April 29, 2019

Chairman Takano Delivers Opening Remarks before First Hearing to Address Veteran Suicide this Congress

WASHINGTON, D.C. – Today, House Committee on Veterans’ Affairs Chairman Mark Takano (CA-41) delivered opening remarks before the full committee oversight hearing entitled “Tragic Trends: Suicide Prevention Among Veterans.” Below is a link to the video of the Chairman’s opening statement and his remarks as prepared:









Good evening. I call this hearing to order.

First I would like to welcome our witnesses this evening:  Dr. Stone, from the Veterans Health Administration, Dr. from the National Institutes of Health, and Dr. McKeon from the Substance Abuse and Mental Health Services Administration.

Today’s hearing will be the first of many this Committee will hold as it begins the critical work to address veteran suicide. I think we can all agree how important it is to take care of our veterans which is why I have made ending veteran suicide my number one priority.

Sadly, America is facing a national public health crisis that demands urgency from Congress, the administration, medical and clinical professionals, veteran service organizations and veterans themselves.

This morning, we lost another veteran to suicide at a VA hospital. Two weeks ago, three veterans committed suicide on VA property in just five days. Seven veterans have ended their lives on VA campuses this year.

It’s clear we are not doing enough to support veterans in crisis. While these incidents may be alarming, they do not tell the full story of veteran suicide in our country. It is harmful to veterans and overly simplistic to solely blame VA for these tragedies. We must come together as a nation to address this crisis.    

Too many Americans have been personally touched by this troubling trend—for me, it was my own uncle, a Vietnam veteran, who died by suicide.

Each day 20 veterans, servicemembers, reservists, and members of the National Guard die by suicide.

One veteran lost to suicide is one too many. But 20 deaths a day -- totaling more than 7,300 deaths per year is unacceptable. That’s 1,800 more deaths per year than the 5,429 servicemembers who have been killed in action since 2001.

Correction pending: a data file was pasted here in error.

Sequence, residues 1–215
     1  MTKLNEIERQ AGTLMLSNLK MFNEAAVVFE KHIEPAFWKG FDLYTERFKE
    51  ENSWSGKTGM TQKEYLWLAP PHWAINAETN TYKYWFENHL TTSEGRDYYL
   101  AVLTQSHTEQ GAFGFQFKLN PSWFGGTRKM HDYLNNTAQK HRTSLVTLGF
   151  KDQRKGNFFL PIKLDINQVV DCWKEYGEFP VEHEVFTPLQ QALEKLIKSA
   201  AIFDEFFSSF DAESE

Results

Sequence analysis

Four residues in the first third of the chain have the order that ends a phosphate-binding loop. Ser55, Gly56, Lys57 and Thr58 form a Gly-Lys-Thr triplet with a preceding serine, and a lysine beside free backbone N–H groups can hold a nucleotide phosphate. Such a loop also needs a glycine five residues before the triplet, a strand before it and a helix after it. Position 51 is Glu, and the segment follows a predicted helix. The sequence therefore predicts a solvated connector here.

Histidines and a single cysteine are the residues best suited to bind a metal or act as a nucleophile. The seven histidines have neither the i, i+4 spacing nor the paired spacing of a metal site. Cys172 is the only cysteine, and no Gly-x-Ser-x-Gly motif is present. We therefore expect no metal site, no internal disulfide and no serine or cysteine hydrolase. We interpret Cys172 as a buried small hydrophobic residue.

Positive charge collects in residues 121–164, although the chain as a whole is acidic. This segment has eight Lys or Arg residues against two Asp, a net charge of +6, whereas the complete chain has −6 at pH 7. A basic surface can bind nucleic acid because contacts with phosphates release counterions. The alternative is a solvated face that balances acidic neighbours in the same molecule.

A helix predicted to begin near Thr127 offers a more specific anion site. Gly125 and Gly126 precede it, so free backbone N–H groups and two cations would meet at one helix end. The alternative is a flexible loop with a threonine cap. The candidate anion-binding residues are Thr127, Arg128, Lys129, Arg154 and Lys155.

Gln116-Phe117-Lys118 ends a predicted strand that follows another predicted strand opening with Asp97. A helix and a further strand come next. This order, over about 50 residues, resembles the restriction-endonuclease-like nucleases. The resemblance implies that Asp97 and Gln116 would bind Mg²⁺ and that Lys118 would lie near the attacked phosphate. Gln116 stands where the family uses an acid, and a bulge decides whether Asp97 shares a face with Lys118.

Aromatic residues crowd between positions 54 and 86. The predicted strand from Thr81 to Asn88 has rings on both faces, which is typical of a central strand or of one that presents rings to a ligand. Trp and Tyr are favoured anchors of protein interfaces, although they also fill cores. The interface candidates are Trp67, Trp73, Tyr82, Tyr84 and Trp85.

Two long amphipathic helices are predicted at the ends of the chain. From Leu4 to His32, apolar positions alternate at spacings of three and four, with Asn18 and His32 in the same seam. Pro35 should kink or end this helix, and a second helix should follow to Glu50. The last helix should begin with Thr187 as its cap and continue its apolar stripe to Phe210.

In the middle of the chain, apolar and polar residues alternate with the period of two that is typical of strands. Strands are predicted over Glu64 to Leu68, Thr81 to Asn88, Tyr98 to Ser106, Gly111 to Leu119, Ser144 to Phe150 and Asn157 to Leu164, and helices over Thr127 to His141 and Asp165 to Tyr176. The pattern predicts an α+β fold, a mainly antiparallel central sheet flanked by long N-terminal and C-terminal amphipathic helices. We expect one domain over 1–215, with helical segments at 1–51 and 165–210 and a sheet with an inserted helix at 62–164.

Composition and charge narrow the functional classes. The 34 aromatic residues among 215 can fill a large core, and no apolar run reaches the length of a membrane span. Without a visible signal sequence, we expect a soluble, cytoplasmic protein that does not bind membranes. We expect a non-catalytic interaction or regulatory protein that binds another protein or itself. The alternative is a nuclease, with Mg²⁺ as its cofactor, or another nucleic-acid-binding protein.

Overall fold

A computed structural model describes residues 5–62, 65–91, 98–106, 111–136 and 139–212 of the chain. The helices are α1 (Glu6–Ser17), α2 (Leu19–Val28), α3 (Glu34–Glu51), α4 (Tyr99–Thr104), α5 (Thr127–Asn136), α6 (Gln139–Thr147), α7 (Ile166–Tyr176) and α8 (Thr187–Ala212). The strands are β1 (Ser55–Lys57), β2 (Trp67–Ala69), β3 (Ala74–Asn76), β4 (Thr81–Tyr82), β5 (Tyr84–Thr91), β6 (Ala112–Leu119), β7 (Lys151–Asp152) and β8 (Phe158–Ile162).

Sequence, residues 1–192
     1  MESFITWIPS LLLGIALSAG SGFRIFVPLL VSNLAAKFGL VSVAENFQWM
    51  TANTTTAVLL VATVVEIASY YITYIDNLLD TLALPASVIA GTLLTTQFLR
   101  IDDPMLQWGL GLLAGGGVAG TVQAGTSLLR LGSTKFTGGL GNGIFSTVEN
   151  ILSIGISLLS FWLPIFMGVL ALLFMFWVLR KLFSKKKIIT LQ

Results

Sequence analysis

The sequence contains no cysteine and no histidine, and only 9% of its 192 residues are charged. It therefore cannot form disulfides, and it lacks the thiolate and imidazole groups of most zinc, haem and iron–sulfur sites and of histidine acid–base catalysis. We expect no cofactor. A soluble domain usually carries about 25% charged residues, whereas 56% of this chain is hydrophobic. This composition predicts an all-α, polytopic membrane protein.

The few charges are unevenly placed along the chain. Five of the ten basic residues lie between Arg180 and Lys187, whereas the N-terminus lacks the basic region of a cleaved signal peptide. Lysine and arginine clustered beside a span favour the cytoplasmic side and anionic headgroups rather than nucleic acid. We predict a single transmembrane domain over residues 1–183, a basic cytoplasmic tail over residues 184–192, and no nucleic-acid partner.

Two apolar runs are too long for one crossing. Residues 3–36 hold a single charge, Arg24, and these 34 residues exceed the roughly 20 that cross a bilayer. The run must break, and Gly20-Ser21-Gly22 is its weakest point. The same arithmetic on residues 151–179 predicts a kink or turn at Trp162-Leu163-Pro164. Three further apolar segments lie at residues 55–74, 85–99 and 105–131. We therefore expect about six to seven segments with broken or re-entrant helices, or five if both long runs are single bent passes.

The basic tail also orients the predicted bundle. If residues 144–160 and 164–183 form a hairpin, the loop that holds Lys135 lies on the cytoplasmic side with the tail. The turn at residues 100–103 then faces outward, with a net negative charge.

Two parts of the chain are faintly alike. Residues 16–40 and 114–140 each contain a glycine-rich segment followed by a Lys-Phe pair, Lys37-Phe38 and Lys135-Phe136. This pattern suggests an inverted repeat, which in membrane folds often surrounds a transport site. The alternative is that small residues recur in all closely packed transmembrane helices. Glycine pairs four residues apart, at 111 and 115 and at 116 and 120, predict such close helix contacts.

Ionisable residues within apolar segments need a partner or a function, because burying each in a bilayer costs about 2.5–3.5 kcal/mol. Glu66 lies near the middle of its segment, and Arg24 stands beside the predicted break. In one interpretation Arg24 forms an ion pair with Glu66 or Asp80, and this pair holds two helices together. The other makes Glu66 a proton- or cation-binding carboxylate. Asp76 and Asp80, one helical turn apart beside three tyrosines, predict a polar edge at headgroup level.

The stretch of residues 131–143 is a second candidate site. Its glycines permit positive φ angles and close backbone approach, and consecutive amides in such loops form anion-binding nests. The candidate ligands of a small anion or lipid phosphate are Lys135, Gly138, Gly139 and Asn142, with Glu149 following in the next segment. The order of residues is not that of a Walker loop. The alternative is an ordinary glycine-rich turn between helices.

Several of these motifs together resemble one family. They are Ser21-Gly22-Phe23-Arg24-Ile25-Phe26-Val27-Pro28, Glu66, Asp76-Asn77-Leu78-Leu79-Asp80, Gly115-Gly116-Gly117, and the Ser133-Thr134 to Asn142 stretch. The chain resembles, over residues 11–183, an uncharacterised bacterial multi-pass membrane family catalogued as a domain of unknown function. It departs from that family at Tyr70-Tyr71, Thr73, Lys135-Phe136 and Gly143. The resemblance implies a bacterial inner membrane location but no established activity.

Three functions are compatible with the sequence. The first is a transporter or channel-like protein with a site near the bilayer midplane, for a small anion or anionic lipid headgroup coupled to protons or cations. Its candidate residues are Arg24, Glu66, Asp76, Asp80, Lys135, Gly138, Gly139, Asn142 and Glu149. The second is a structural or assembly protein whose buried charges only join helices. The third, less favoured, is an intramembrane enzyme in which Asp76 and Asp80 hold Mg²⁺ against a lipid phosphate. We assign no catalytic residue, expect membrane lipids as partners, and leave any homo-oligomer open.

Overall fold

Both numbers are surprising and further evidence of a frustrating and persistent problem that we’ve failed to adequately address.

When you examine the statistics, the barriers to access many veterans face become very clear. Only 6.1 of those deaths are veterans accessing services at VA. 10.6 deaths a day are veterans not using VA at all, and 3.8 current active duty or members of the National Guard.

We all have a responsibility to act because there’s no excuse for failing these veterans here at home.

My Republican colleague, Ranking Member Roe, often says we haven’t “moved the needle” far enough to reduce veteran suicide. He’s right. That number has held steady at 20 deaths a day since 2014-- far too long. It’s time for Congress to look at this crisis with fresh eyes.

In 2015, Congress passed the Clay Hunt Suicide Prevention for American Veterans (SAV) Act, but this well intentioned effort hasn’t done enough. Recently, I met with several members of Clay Hunt’s unit, who identified the specific challenges they faced as they transitioned out of the military.

We need to understand why this legislation hasn’t done more to prevent suicides. We need to expand our understanding of mental health among veterans. We need to commit to providing the resources needed to implement a comprehensive plan.

Most importantly, Americans must hear from and listen to our veterans. We need to hear from veterans who have attempted suicide, understand their circumstances, and find out what they believe worked and what failed.

These veterans have a story to share that can tell us something about our attempt to address suicide and how responsive government can be to their situation.

This committee will not be indifferent to the problems veterans face nor will we turn a blind eye to the many causes that lead to veterans committing suicide. And I’m glad we could all come together today to begin to tackle this important issue.